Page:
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George and Abraham, sittin’ in a tree…

When I did that “George Washington’s dentures” post last week, I totally forgot we celebrate the big guy’s birthday today.

This bit of high Victorian kitsch is called “The Apotheosis.” Gosh, our great grandparents were weird, weren’t they?

I read a lot of hundred year old books. This is partly because I like them and more than partly because I’m too cheap to pay for Kindle books that are still in copyright. Anyway, I always say: if you want to understand a particular time period, don’t read books about the era, read books from the era. And, frankly, a hundred years is about as far as you can go back before the syntax gets all scratchy and hard. Well, two hundred, maybe.

Anyway, I can’t help being struck by how unimaginable they would find our times. Not technologically — some of them did a pretty good job guessing where science might take us (in fact, if anything, they were overly optimistic) — but socially, ye gods. How everything has changed.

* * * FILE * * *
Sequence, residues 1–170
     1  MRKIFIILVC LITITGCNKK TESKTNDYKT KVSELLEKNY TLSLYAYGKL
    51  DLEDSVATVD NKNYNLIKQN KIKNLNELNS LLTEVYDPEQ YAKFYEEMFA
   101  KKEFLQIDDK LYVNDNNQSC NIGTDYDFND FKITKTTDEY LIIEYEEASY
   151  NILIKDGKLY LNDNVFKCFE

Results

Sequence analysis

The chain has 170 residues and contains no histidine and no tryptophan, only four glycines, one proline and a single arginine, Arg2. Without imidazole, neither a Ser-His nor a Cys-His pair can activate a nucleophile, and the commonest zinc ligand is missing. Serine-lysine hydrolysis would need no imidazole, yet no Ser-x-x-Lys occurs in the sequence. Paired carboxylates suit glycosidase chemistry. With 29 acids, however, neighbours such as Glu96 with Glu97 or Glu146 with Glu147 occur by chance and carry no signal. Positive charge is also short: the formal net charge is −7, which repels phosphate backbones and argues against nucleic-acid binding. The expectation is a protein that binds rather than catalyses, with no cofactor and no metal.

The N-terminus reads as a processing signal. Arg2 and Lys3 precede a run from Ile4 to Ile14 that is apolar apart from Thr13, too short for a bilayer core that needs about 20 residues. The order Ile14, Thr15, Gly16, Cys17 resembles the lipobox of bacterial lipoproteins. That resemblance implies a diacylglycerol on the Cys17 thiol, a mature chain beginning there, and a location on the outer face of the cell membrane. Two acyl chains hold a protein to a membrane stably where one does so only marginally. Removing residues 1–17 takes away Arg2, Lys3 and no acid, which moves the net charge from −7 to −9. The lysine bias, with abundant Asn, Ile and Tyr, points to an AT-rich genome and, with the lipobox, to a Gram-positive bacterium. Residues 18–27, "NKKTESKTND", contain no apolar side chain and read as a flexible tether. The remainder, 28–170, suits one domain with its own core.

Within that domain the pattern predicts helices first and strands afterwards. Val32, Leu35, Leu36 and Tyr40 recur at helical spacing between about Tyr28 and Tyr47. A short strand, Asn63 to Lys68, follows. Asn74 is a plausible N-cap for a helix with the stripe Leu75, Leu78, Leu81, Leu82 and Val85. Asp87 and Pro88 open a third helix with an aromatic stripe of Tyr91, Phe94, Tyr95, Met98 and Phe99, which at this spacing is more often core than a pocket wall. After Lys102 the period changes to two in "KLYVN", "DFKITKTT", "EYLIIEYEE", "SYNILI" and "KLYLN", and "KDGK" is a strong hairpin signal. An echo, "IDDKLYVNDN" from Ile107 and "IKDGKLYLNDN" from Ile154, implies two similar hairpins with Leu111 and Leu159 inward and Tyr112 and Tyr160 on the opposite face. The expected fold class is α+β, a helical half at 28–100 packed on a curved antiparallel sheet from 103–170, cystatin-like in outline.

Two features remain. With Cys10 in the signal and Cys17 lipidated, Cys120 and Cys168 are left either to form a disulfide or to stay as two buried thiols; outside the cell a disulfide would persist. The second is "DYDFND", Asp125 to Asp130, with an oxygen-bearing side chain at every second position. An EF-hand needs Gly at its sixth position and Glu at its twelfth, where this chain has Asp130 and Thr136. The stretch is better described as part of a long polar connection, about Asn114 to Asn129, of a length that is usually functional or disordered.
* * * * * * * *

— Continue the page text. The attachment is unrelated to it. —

Then the next exercise is to try to imagine what it is about our times that our grandchildren will find amazing, silly or obviously flat wrong. We can’t, of course. We’re too much of our own time to see it. It’s like trying to stick your elbow in your ear.

What the science fiction guys do is extrapolate trends out in a straight line. But that’s not how social history works. Not consistently, anyway. Some things trend and some things swing back and forth and we’re lousy at guessing which will do what.

And then there’s Bigfoot. It’s only since I’ve moved over here I’ve come to a sense of how much the two World Wars smashed up the place. The society, I mean — they recovered from the property damage pretty quickly. I don’t think the Black Death rattled people the way the 20th Century did, in total.

Speaking of Yersinia pestis — does anybody else have that itchy feeling that we are way, way overdue for that next plague or comet or rain of frogs?

February 17, 2014 — 11:16 pm
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